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Suffolk Business Awards: Time to thank the local heroes who fought against Covid-19

PUBLISHED: 08:30 31 July 2020

Just some of the completed face shields in UEA's New Science Building laboratory. Picture: UEA

Just some of the completed face shields in UEA's New Science Building laboratory. Picture: UEA

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The Changing Lives Special Recognition Award gives everyone a chance to vote for businesses that stepped forward to help the pandemic response – businesses like Bosch Lawn and Garden in Stowmarket.

David Parfrey of Norwich Research Park, sponsors of the Changing Lives Special Recognition Award   Picture: Joe LentonDavid Parfrey of Norwich Research Park, sponsors of the Changing Lives Special Recognition Award Picture: Joe Lenton

Nobody could describe 2020 as a normal year for business, which is why this year’s Suffolk Business Awards features a unique award: the Changing Lives Special Recognition Award, which is sponsored by Norwich Research Park.

This is an award for companies that reacted to the coronavirus pandemic by rolling up their sleeves, asking what they could do to help their communities and making a real difference in the fight against Covid-19. It’s an award that will be driven by our communities, with anyone able to nominate deserving businesses and a public vote to select a short-list for the judges to consider.

“The Covid-19 pandemic was as devasting as it was unforeseen. But out of crisis emerged heroes, who have been selfless in the help they delivered,” says David Parfrey, executive chair of Norwich Research Park.

One of those companies stepping up to help fight the virus was the global technology and services company Bosch – though in this case it was very much a local response from the team at Bosch Lawn and Garden 
in Stowmarket.

Andy Barber of Bosch Lawn and Garden, one of the team of seven who built face-shield components while also working full-time from homeAndy Barber of Bosch Lawn and Garden, one of the team of seven who built face-shield components while also working full-time from home

“Bosch might be a huge company but the way we work means Lawn and Garden is more like a local business,”explains Andy Barber, the company’s design thinking coach. “We could see that we could do something that would really help and we were happy to do it.”

A lot of the work in Stowmarket is R&D, with Andy helping the teams of designers and engineers develop everything from lawnmowers and hedge cutters to pressure washers and leaf blowers.

“We realised early on, even before the lockdown, that we might be in a position to do something for the greater good,” Andy says. We searched high and low for the right project. We even registered with the government to help produce ventilators.”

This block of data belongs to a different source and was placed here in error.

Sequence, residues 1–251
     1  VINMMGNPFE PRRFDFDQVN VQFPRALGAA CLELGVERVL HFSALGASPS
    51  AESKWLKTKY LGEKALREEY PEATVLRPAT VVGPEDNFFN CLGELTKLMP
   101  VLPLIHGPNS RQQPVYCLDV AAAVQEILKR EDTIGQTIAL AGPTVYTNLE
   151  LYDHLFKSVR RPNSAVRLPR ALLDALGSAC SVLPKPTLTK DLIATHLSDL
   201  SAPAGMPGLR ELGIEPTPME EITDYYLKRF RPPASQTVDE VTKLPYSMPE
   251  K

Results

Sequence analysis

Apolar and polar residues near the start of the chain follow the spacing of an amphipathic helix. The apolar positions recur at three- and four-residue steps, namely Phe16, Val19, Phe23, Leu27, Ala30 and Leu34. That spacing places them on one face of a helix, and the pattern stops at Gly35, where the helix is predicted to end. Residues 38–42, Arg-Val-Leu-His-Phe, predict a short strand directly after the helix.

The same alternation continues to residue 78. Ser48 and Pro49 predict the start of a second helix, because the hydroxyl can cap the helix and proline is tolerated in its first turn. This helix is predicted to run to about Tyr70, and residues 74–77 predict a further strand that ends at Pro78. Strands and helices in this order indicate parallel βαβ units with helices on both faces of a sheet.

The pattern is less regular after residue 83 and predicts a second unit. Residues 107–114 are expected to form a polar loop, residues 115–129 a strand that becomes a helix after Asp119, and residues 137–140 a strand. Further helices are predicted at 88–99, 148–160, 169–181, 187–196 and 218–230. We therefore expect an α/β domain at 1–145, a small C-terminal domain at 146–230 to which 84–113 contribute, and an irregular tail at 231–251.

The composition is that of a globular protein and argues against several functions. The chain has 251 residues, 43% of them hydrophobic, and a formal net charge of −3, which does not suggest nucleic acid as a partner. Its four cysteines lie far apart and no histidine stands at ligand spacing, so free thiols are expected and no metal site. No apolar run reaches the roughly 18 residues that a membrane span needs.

At the same time, Andy made contact with UEA, which was looking to produce face shields for the NHS. “We’re set up to do on-site prototyping using what you’d call a 3D printer, which we refer to as a rapid prototyper,” he explains. “These use FDM – fused-deposition modelling – which takes filaments of ABS plastics and builds them up in layers, based on a 3D CAD design.”

One of the rapid protoyper machines the Bosch team used to support the pandemic responseOne of the rapid protoyper machines the Bosch team used to support the pandemic response

The UEA had already agreed with the NHS what type of face shields it would provide, so the Bosch team ordered special medical-grade ABS plastics from their suppliers and found open-source CAD files for the appropriate components. The technical work was to “nest” the designs, interlocking them to allow the greatest possible number to be created at once on the rapid prototypers.

“There were seven of us involved with the project,” says Andy. “We were all working full-time at home and the site was closed, so we’d have to go in for this.” Each night, the team produced enough components for 50 face shields.

“It was very much a team effort. One engineer would go in to set a batch printing overnight. In the morning, another engineer would take them out of the machine and set them in a bath for half a day, to dissolve the support material and leave just the components,” he explains. “Then I’d go and collect them to deliver to UEA.”

From when the project started at the end of March to the final delivery on May 14, Andy clocked up more than 1,100 miles as he made 11 deliveries to Norwich – dropping off a total of 2,111 sets of face-shield components.

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“We went with the UEA project because it just made sense,” Andy concludes. “They were local and everything they produced was going back into the local services – the hospitals and care homes.”

It’s businesses like this, supporting our local communities, that the Changing Lives Special Recognition Award seeks to highlight. “Those people and organisations didn’t do it for recognition. They did because it was the right thing to do and they could do it,” says David Parfrey of Norwich Research Park. “We should now take the time to say thank you.”

For more information about the Changing Lives Special Recognition Award, click here.


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